To register, please click here. (Zoom webinar, kindly hosted for the History Group by Liberal Democrat HQ.)
The 1979 general election inaugurated the premiership of Margaret Thatcher and an eighteen-year period of Conservative government. It took place after the ‘winter of discontent’, marked by public sector strikes which destroyed the Labour government’s social contract. The results signalled the end of the post-World War II political consensus, based on an enhanced role for the state in economic management, strong trade unions, a broad welfare state and the pursuit of full employment.
The election came at the end of a decade that had seen numerous political upheavals, including two hung parliaments and record levels of support for the Liberal Party. But the Liberals’ share of the vote fell sharply in 1979, and two-party politics seemed to be back.
Join Lord David Steel, Professor Sir John Curtice (University of Strathclyde) and Baroness Shirley Williams to discuss the 1979 general election and its significance.
The meeting will start at 7.00pm, after the Liberal Democrat History Group’s AGM at 6.30pm.
One hundred and fifty years ago, in December 1868, William Ewart Gladstone became Prime Minister for the first time. Over the following six years, from 1868 to 1874, his government produced a series of lasting reforms, including nationwide primary school education, the secret ballot, legalisation of some trade union activities and the disestablishment of the Church of Ireland. This record helped build his reputation as the greatest Liberal leader in history.
In this meeting Professor Jon Parry and Dr David Brooks discuss the importance and legacy of what might be considered the first Liberal government and the first modern administration. The meeting accompanies the publication of issue 101 of the Journal of Liberal History, a special issue on the same topic. Chair: Baroness Liz Barker.
Jon Parry is Professor of Modern History at Cambridge University, specialising in the history of British politics and political ideas in the nineteenth century. His publications include Democracy and Religion: Gladstone and the Liberal Party, 1867–1875 and The Rise and Fall of Liberal Government in Victorian Britain. Dr Brooks is Emeritus Lecturer in History at Queen Mary University London. He has written extensively on Gladstone and organises the annual ‘Gladstone Umbrella’ weekend conference at Gladstone’s Library in Hawarden.
In November 1918, just 24 hours after the Armistice had been signed with Germany, the Liberal Prime Minister, David Lloyd George, announced his decision to hold a general election.
Selected coalition candidates received a signed letter of endorsement from Lloyd George and the Conservative leader Andrew Bonar Law. The 1918 election thus became known as the ‘coupon election’.
The election saw 133 Coalition Liberals returned to the House of Commons, but the independent Liberals, whom Lloyd George had abandoned, were reduced to a tiny minority, overtaken by the new Labour Party, while the Coalition Liberals increasingly became the prisoner of their Conservative Coalition partners. The election was a key stage in the decline of the Liberal Party; it cemented the wartime split and ensured that the Liberals were eventually relegated to third-party status.
Speakers: Kenneth O. Morgan, Lord Morgan (author of Consensus and Disunity: The Lloyd George Coalition Government 1918-22 and several other books on Lloyd George) and Alistair Cooke, Lord Lexden (official historian to the Conservative Party and the Carlton Club). Chair: Claire Tyler (Baroness Tyler).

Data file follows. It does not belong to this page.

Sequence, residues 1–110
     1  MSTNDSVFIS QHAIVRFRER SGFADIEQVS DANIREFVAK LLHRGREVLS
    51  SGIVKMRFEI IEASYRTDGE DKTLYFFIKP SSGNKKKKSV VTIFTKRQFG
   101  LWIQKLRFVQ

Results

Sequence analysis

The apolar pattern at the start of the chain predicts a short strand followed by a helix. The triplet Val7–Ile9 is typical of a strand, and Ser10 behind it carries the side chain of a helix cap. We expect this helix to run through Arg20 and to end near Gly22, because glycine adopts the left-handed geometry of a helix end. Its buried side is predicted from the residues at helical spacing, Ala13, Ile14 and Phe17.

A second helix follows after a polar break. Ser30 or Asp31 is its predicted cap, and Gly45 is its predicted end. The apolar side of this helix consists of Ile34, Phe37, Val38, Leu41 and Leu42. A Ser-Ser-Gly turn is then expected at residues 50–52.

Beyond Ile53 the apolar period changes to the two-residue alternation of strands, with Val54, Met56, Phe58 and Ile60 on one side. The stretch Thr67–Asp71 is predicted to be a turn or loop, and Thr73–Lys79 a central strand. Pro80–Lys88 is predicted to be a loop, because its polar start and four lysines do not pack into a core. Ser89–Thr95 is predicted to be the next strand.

The report of this meeting was published in Journal of Liberal History 100 (autumn 2018) and is also available here.
2018 marks 100 years since the Representation of the People Act 1918 was passed under Liberal Prime Minister David Lloyd George, beginning the enfranchisement of women. While the vast majority of Liberal MPs supported the change, this support was not unanimous, however: the party had been divided for many years over the issue, and the previous Asquith government had obstructed reform. Opponents argued both that politics was not the ‘proper sphere of women’ and that if enfranchised, women would be more likely to vote Conservative.
This fringe meeting at the Southport Liberal Democrat conference will discuss the divisions within the Liberal Party over votes for women, the stance taken by the Asquith government and the impacts on the party of the debates over women’s suffrage.
Speakers: Jo Swinson (Deputy Leader of the Liberal Democrats and MP for East Dunbartonshire) and Krista Cowman (Professor of History, University of Lincoln). Chair: Elizabeth Jewkes (Deputy Chair, Liberal Democrat Women).
The Liberal Democrats entered the 2017 general election campaign with high hopes: they were the only major UK-wide party unequivocally to oppose Brexit, and the campaign followed months of encouraging local government by-election results. But the outcome was a disappointment: a further fall in the vote from the catastrophic result in 2015, and four losses out of the eight seats that had been salvaged then – though this was offset by the recapture of eight seats which had been lost in 2015 or 2010.
What went wrong? Was it a failure of leadership, of positioning or of campaigning? Or was the party simply swept aside by the rising Labour tide?
Discuss the result and the implications for the Liberal Democrats with Professor Phil Cowley (co-author of The British General Election of 2017) and James Gurling (Chair, Liberal Democrats Federal Campaigns and Elections Committee). Chair: Baroness Grender (Paddy Ashdown’s second-in-command on the 2015 Liberal Democrat election campaign).
The AGM of the Liberal Democrat History Group will take place first, at 6.30pm, followed by the speaker meeting at 7.00pm.
Jeremy Thorpe led the Liberal Party over three general elections from 1967 to 1976. Immensely charismatic, under his leadership the Liberal vote at general elections more than doubled. Yet following a scandal, his career ended in a criminal court case. Why?
On the fiftieth anniversary of Thorpe’s rise to the party leadership, Ronald Porter (obituarist for The Independent and a regular speaker at National Liberal Club events) will present an illustrated talk covering the life of Jeremy Thorpe and his second wife, Marion, who was married to Jeremy from 1973 until her death in 2014. Chair: Michael Steed.
The event will start at 7.00pm after the Annual General Meeting of the Liberal Democrat History Group at 6.30pm.